Tours that follow an author can be inviting. Literature tours in England follow Austen and Bronte;  New England in the United States attracts followers of Emily Dickinson, Louisa May Alcott, Henry David Thoreau, and Ralph Waldo Emerson.  A friend gave me an article from the Wall Street Journal – Going By the Children’s Book – with Liam Callahan’s suggestions for touring Paris through children’s book authors.   Although I have often dreamed of following Julia Child through France, his itinerary also has appeal:

  • Bemelmans’ Madeleine captures Paris from Sacre Coeur to the Jardin des Tuileries;
  • Albert Lamorisse’s The Red Balloon (a film before it became a book) floats through Montmartre;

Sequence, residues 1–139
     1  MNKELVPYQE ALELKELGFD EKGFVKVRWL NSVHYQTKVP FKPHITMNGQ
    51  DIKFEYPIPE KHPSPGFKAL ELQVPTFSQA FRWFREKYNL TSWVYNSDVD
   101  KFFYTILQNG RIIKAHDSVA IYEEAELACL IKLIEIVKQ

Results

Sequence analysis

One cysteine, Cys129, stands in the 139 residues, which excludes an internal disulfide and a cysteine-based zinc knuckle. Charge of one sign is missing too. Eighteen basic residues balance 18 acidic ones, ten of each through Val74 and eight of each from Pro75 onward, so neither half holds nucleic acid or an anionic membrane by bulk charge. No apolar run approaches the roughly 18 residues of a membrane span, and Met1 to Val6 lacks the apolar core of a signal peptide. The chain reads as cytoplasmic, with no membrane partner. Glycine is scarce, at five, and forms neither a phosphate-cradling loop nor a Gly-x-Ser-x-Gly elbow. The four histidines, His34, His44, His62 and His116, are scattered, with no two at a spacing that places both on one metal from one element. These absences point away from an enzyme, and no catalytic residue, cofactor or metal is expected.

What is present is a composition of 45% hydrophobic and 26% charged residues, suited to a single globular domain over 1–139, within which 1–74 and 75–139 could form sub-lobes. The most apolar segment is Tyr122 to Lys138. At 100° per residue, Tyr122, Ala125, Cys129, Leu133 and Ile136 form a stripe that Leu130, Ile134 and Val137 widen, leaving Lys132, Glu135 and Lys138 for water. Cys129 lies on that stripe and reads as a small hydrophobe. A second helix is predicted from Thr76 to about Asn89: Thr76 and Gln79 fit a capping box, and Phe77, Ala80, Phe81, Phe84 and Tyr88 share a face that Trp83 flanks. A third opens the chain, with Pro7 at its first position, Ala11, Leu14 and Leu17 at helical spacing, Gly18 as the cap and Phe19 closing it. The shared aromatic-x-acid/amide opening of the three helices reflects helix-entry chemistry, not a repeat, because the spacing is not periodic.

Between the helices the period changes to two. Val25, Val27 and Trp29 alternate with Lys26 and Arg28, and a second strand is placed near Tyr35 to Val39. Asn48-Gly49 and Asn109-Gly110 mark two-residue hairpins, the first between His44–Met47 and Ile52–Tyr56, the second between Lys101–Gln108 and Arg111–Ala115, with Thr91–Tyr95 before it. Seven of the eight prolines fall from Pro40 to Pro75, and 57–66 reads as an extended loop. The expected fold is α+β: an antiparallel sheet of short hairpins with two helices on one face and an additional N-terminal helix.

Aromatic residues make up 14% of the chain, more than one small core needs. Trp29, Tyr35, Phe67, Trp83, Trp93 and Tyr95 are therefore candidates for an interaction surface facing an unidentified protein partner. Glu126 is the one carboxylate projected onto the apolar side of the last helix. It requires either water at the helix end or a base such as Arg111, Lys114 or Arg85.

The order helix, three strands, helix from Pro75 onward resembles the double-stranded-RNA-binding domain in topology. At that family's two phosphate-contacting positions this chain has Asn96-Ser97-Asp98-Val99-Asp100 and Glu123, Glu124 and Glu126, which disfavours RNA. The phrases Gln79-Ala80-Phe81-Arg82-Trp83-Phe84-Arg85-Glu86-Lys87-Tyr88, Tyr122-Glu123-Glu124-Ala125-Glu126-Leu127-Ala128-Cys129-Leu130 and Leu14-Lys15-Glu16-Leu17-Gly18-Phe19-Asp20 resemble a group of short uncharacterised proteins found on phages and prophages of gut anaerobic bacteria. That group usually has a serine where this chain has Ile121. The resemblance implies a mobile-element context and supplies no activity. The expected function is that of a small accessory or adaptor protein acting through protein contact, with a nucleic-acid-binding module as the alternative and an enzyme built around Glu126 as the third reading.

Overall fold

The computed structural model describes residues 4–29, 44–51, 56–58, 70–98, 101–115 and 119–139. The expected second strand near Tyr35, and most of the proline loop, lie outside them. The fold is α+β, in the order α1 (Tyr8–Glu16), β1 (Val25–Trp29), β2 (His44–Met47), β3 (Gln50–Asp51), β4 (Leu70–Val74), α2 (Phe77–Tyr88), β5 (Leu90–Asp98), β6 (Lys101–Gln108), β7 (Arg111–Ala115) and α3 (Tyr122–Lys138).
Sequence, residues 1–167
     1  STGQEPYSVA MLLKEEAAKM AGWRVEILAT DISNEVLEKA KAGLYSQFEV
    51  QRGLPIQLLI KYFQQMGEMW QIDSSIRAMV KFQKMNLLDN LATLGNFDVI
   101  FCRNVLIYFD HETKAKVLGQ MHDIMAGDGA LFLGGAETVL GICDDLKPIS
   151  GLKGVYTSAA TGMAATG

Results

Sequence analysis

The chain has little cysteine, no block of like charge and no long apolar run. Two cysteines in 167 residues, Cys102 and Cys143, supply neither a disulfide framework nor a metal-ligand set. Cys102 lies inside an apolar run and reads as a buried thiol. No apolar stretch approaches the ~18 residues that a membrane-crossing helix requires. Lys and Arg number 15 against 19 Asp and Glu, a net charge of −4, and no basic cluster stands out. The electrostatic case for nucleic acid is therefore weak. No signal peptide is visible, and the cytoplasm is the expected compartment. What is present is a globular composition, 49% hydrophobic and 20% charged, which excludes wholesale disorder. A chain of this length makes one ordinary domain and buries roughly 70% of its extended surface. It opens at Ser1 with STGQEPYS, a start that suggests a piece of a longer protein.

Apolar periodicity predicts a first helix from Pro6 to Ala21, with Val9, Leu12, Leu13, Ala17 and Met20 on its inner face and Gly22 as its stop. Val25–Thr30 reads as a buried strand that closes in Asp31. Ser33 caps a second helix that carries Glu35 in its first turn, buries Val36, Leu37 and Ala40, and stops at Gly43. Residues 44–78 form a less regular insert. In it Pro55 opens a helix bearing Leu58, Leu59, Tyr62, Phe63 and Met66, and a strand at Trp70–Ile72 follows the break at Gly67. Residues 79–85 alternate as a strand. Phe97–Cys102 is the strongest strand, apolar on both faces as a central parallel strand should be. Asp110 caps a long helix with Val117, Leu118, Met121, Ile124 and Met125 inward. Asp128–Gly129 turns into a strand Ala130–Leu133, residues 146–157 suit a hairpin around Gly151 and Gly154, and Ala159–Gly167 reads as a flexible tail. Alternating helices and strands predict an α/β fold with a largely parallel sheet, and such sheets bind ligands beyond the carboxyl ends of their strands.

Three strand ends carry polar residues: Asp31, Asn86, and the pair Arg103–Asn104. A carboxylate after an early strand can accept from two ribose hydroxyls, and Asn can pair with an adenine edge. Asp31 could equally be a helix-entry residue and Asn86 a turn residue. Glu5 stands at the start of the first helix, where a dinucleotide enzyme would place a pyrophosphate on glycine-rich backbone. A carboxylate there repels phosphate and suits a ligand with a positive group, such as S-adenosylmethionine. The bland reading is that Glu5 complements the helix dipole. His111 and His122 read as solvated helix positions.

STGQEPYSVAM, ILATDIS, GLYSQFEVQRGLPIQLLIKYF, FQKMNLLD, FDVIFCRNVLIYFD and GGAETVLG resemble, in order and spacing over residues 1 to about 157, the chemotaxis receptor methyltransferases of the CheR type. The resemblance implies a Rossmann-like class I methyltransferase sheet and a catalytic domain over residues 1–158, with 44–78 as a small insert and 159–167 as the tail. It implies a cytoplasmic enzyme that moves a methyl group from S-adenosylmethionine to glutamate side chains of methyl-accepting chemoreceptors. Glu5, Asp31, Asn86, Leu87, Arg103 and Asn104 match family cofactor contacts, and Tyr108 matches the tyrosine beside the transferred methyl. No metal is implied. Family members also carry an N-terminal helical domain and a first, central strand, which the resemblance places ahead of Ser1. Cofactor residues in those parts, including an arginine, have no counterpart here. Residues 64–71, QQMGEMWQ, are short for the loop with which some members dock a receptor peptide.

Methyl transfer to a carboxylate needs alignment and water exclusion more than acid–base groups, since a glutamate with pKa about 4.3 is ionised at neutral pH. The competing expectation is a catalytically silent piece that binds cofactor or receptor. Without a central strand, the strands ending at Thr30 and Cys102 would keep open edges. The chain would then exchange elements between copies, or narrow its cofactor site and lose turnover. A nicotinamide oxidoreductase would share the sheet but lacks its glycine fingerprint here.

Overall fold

• Brian Selznick’s The Invention of Hugo Cabret looks back at the famous train station and local streets.

Callahan provides a map with tangential adventures, the possibility of buying a book store, and additional books to inspire your literary trip:

  • Adele and Simon by Barbara McClintock
  • Paris in the Spring with Picasso by Yolleck and Prideman

My favorite is Rupert Kingfisher’s  Madame Pamplemousse and Her Incredible Edibles – “selling all kinds of rare and exotic delicacies” – a culinary adventure – but Julia Child would wonder over the cobra brains in black butter.

Caroline Kennedy – She Walks in Beauty

Curiosity about the author led me to Caroline Kennedy’s anthology, She Walks in Beauty.  Organized in thirteen chapters that follow “a woman’s journey” from “falling in love” to learning “how to live,” the book includes poetry from the well-known to the obscure, from traditional to modern poets.